# Really stumped with a limit proof question

1. Mar 9, 2012

### John765

1. The problem statement, all variables and given/known data

I have the following question that I'm struggling with quite a bit:

Our instructor gave us the hint that we could break it up by proving

a) Proving that 0 <= an < 1 which I managed to do by induction

b) Proving that 0 <= an =< k^(n-1) for n > 0

and then using the squeeze theorem.

2. Relevant equations

None that I know of?

3. The attempt at a solution

I'm having a lot of trouble with part b, I had the thought that I could try to again do it by induction but I'm hitting a bit of a brick wall. I'll show my working so far.

I thought that if I could prove that a(n+1) =< an then it would be trivial to prove by induction that an =< k^(n-1) because I could show a1 =< k^(1-1) and then claim an =< k^(n-1) and then it'd follow that a(n+1) =< k^(n-1) because a(n+1) =< an. Is this a legitimate way of proving it?

So I was thinking I needed to prove that an >= a(n+1) and I tried doing it like this:

so k = a(n+1)/(an(1 - an))

then for an =\= 0:

0 <= a(n+1)/(an(1 - an)) < 1
0 <= a(n+1)/an < (1 - an)
0 <= a(n+1)/an < 1
0 <= a(n+1) < an

So as long as an isn't 0 then it's always larger than a(n+1). This is great and helps me with the k^(n-1) bit.

but what about when an is 0? How on earth do I factor that in? I've been scratching my head for ages but haven't really come up with a way to go about doing it.

My best thought so far is to prove that if an is ever 0 then it has always been 0 and it always will be which means that it will always be equal or less than k^(n - 1). I know an will only be 0 if a0 is equal to 0 or 1 or if k is 0 and I think I can show fairly easily if any of those conditions are true then an will stay 0 forever but how do I go back the other way and prove that if an is 0 it means it always has been 0? (and therefore always less than k^(n-1)?) Really pulling out my hair here.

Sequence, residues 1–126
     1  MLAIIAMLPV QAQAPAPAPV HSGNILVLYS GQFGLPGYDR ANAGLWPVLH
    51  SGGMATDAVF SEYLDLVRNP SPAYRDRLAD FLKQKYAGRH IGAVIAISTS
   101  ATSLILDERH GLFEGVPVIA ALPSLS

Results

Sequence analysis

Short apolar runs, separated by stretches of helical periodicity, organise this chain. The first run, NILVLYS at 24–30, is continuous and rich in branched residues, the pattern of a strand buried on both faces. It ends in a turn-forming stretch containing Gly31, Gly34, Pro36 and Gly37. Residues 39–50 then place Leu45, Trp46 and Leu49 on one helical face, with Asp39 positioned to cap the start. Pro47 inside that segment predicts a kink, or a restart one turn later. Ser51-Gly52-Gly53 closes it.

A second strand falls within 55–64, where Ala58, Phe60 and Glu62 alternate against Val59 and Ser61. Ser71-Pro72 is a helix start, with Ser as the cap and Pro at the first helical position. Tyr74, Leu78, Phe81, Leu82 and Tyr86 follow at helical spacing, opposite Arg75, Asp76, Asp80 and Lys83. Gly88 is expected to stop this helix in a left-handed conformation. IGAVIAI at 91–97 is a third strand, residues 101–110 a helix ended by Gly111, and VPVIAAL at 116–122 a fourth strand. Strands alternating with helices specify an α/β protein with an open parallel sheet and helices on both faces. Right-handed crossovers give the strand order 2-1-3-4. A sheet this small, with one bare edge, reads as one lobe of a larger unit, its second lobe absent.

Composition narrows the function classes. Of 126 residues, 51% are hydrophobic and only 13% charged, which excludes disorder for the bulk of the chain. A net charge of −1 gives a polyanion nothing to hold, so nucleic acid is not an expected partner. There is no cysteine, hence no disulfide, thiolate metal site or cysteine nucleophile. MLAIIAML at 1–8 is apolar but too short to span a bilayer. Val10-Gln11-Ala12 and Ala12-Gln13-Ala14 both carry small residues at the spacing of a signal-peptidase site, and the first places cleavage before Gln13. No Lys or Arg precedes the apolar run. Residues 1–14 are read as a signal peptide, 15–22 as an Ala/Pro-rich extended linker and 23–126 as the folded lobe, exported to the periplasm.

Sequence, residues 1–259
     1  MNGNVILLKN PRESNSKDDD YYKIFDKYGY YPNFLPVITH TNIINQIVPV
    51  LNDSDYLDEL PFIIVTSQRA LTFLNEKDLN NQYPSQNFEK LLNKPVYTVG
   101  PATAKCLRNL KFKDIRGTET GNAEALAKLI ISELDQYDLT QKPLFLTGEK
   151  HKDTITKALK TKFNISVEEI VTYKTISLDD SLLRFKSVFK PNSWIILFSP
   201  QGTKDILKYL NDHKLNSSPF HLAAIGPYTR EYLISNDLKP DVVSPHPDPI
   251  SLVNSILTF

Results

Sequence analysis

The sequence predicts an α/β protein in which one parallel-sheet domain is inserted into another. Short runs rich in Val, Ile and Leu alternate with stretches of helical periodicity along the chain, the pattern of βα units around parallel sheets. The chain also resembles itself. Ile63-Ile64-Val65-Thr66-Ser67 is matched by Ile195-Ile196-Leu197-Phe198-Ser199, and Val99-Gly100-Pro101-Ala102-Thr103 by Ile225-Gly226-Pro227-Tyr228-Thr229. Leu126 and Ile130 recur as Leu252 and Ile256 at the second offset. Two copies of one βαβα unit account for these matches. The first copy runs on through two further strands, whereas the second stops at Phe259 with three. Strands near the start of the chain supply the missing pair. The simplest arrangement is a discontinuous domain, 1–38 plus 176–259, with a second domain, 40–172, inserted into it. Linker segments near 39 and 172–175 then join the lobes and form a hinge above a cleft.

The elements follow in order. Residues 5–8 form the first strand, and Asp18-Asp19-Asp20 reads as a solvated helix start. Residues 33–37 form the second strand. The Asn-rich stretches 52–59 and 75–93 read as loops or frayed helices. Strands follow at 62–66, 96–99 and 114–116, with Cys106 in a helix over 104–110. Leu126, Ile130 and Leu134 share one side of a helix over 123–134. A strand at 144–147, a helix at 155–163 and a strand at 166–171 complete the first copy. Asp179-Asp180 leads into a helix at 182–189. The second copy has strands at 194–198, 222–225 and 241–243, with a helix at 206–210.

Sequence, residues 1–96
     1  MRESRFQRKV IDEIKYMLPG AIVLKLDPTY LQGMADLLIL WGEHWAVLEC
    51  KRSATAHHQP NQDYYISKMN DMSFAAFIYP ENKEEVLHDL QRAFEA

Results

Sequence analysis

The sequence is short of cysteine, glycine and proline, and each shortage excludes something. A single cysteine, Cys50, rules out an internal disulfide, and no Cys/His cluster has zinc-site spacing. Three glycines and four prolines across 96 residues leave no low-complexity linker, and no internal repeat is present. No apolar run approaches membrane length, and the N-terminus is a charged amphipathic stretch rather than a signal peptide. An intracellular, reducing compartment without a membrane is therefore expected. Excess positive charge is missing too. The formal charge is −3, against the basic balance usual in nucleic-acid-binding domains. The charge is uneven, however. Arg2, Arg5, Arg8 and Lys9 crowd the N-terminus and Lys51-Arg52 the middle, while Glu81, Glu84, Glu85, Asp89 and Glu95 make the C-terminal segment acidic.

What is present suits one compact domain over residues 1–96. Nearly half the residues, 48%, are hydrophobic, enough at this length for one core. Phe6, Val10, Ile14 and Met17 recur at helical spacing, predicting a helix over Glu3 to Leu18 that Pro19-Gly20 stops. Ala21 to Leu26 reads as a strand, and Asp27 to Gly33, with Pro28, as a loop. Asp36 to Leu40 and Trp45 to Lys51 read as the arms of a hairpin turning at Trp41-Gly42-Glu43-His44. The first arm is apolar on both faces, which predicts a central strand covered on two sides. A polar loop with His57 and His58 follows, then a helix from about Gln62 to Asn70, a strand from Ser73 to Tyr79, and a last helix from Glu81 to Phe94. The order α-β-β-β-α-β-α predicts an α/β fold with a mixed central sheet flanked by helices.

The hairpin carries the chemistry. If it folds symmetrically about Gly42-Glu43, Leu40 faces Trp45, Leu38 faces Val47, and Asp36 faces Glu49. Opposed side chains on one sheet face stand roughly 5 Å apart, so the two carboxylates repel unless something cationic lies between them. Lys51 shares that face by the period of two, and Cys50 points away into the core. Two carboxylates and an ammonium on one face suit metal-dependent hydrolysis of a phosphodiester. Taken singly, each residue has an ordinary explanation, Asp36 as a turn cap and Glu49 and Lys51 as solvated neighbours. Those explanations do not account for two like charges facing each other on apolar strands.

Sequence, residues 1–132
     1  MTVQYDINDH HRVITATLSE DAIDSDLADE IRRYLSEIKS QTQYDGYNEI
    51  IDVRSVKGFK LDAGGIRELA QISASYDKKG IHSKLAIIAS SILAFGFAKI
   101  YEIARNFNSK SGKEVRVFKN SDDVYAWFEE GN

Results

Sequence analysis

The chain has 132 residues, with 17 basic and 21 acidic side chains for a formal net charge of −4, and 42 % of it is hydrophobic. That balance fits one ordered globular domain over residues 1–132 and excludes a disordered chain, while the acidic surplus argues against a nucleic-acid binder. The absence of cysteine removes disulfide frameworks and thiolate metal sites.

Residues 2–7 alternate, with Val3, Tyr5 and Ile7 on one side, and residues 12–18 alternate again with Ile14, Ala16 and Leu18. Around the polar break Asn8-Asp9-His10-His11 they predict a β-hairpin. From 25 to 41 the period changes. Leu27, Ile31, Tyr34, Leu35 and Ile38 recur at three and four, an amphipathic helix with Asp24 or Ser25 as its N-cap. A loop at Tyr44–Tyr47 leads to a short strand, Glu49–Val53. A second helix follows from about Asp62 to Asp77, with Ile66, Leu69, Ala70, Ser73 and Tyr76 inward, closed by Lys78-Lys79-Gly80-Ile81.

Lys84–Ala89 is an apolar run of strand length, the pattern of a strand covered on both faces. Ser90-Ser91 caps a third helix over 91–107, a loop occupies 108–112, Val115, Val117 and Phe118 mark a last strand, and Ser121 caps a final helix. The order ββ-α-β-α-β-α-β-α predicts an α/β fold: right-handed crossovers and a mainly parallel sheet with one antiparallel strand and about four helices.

Or am I going about it completely wrong and there's an easy way of doing this that I'm completely missing?

I get the feeling I might be a very very small nudge away from getting there so if anyone has any thoughts they'd really be appreciated!

2. Mar 9, 2012

### Dick

If you look at the function f(x)=x*(1-x) then what's the maximum of that function for x=[0,1]?

3. Mar 9, 2012

### John765

It has a maximum between 0 and 1 so at x = 0.5 so 0.25. Sorry, wish I was smart enough to see where you were going with this but I'm not sure what to do with this information.

Last edited: Mar 9, 2012
4. Mar 9, 2012

### Dick

Actually, you probably don't even need that. If you have already figured out that 0 <= an < 1. Then isn't an*(1-an)<an? So $a_{n+1}<=k a_n$.

5. Mar 9, 2012

### John765

I'm trying to prove that an*(1-an)<an so that I can prove $a_{n+1}<=k a_n$ but I'm having trouble with the former proof.

6. Mar 9, 2012

### Dick

(1-an)<=1. So (1-an)*an<=an. Isn't that enough?

7. Mar 10, 2012

### John765

What am I doing wrong here?

0 <= 1 - an <= 1
0 <= k*(1 - an) < 1 (because 0 <= k < 1)
0 <= k*an(1 - an) < an
0 <= a(n + 1) < an

I know a(n + 1) can be equal to an so I shouldn't be getting a strictly less than there should I? But there's definitely no way for k*(1 - an) = 1, because k can't be 1.

8. Mar 10, 2012

### Dick

I think the only way a(n+1) can equal a(n) is if a(n)=0. I don't think you are doing anything wrong.

9. Mar 10, 2012

### John765

I agree but shouldn't my inequality reflect that? For me to say that a(n+1) is less than an is correct isn't it? Or do I say that a(n+1) is less than an unless an and a(n+1) are both 0? Wouldn't I need to prove that?

10. Mar 10, 2012

### Dick

If you have the strict inequality a<b and c>=0, then you only know ac<=bc. You can't conclude ac<bc because c could be 0. Is that what you are asking about?